By PHILIP ELLIOTT
WASHINGTON — A growing divide over Social Security splits the two leading contenders for the Republican presidential nomination, and the differences between Texas Gov. Rick Perry and former Massachusetts Gov. Mitt Romney foreshadow a tricky political dance with older voters.
Romney has seized on what he perceives as Perry’s vulnerability on a program that seniors hold dear, Democrats venerate as sacrosanct and Perry has labeled a “Ponzi scheme.”
That sets up a battle for older voters in Iowa, retirees in Florida and the Sun Belt, and Baby Boomers everywhere worried about their own recession-scarred retirement plans.
Perry has refused to back down from his criticism of Social Security and argues the program is best left to states to administer — a non-starter for many, including some Republicans.
“If we nominate someone who the Democrats could correctly characterize as being against Social Security, we would be obliterated as a party,” Romney said on Sean Hannity’s radio program Thursday.
Perry is unyielding.
“It is a Ponzi scheme to tell our kids that are 25 or 30 years old today, you’re paying into a program that’s going to be there,” he said during Wednesday’s debate in California. “Anybody that’s for the status quo with Social Security today is involved with a monstrous lie to our kids, and it’s not right.”
An aging population has put a heavy burden on the Social Security Trust Fund: too few workers are paying for the benefits of a growing number of retirees. In 1950, there were 16 workers paying into the fund for each recipient. Last year, that ratio fell to three workers for every recipient.
But any talk of cutting benefits comes with political risk.
“Governor Perry’s immediate challenge is to knock down the hanging perception being driven that he wants to get rid of Social Security,” said Rich Killion, a Republican strategist who worked on Romney’s 2008 presidential bid and advised former Minnesota Gov. Tim Pawlenty’s bid this year.
The Romney-Perry spat comes as the contest for the Republican nomination begins to flare. With three formal debates and a handful of forums this month, the campaign to challenge President Barack Obama has taken on urgency as voters return from their summer vacations and start to pay attention to politics.
Since Perry joined the race last month, Romney has seen his lead fade, driving him to focus his aggressive criticism on Perry instead of looking ahead to a general campaign against Obama.
“The governor says look, states ought to be able to opt out of Social Security. Our nominee has to be someone who isn’t committed to abolishing Social Security, but who is committed to saving Social Security,” Romney said, sharing the stage with his rival.
An AP-GfK poll in May found that 70 percent of Americans consider Social Security deeply important to their financial security in retirement. Just 6 percent said it was “not at all” important.
Yet the public is split on the likelihood Social Security will be there for them: 35 percent say it is extremely or very likely to provide income their entire retirement, 30 percent somewhat likely and 35 percent not too or not at all likely.
It’s that uncertainty that both campaigns hope to tap.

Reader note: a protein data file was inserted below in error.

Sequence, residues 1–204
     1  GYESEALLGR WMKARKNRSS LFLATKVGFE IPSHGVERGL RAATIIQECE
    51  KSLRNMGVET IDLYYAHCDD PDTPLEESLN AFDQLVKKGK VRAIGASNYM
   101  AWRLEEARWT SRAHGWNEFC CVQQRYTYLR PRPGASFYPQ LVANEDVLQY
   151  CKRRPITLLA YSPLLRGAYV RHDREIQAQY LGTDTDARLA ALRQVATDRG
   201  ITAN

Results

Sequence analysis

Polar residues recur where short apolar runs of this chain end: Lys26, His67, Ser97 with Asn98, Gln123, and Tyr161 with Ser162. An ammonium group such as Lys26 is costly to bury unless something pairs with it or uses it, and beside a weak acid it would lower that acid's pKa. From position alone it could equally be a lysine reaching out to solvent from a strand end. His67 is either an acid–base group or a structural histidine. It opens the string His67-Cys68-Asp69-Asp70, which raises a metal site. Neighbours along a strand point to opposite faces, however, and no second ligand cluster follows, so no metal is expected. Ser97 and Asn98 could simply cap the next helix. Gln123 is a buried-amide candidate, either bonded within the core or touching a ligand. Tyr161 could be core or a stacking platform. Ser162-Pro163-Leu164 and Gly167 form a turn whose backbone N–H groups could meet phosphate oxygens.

“I know Florida certainly has an interest in Social Security given the large number of seniors we have here,” said John Thrasher, a Republican state senator and former state GOP chairman who backs Romney.
“It’s not whether it’s a Ponzi scheme or not. These are retired people who are pretty intelligent. They want Social Security to be maintained. And they understand there are problems that need to be fixed. There is an opportunity to fix Social Security so it’s a continued benefit for people who are getting it now and those who will get it in the future.”
Romney now trails Perry by double digits in the polls and Social Security alone isn’t going to help him regain his lead, his advisers acknowledge. But his team plans to make it the opening volley against Perry, Texas’ longest serving governor and one who has never lost an election.
“Now, if you say Social Security is a failure, as I have just done, you will inherit the wind of political scorn,” Perry acknowledges, while his aides note that Romney hasn’t always had kind words for the state of the program.
In his latest book, “No Apologies,” Romney wrote: “To put it in a nutshell, the American people have been effectively defrauded out of their Social Security.”
He suggested increasing the retirement age, adjusting benefits for wealthy Americans or allowing workers to invest part of their Social Security taxes in private accounts.
And while he derides Perry for likening Social Security to the criminal fraud that put Bernie Madoff behind bars, Romney has compared lawmakers to dishonest trust fund managers.
“What would happen to the bankers responsible for misusing the money? They would go to jail. But what has happened to the people responsible for the looming bankruptcy of Social Security? They keep returning to Congress every two years,” Romney wrote.
Those statements offer Perry’s team a chance to punch back.
“In his book, Romney compared Social Security to a fraudulent criminal enterprise, but (during the debate) he ran from his position,” Perry spokesman Ray Sullivan. “His evolving and inconsistent position on this important issue is curious, but unfortunately not unusual.”